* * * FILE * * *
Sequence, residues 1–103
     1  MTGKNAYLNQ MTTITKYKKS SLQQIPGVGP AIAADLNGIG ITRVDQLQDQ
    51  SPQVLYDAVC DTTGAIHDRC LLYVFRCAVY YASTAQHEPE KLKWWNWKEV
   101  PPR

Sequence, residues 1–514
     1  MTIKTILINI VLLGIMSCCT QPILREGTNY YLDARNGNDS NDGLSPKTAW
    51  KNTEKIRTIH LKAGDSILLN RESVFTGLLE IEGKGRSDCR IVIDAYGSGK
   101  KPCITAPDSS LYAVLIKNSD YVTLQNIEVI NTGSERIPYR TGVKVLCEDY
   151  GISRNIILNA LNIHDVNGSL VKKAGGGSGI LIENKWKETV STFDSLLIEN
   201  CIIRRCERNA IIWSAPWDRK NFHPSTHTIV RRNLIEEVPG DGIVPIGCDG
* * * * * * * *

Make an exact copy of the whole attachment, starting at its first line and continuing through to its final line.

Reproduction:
Sequence, residues 1–103
     1  MTGKNAYLNQ MTTITKYKKS SLQQIPGVGP AIAADLNGIG ITRVDQLQDQ
    51  SPQVLYDAVC DTTGAIHDRC LLYVFRCAVY YASTAQHEPE KLKWWNWKEV
   101  PPR

Sequence, residues 1–514
     1  MTIKTILINI VLLGIMSCCT QPILREGTNY YLDARNGNDS NDGLSPKTAW
    51  KNTEKIRTIH LKAGDSILLN RESVFTGLLE IEGKGRSDCR IVIDAYGSGK
   101  KPCITAPDSS LYAVLIKNSD YVTLQNIEVI NTGSERIPYR TGVKVLCEDY
   151  GISRNIILNA LNIHDVNGSL VKKAGGGSGI LIENKWKETV STFDSLLIEN
   201  CIIRRCERNA IIWSAPWDRK NFHPSTHTIV RRNLIEEVPG DGIVPIGCDG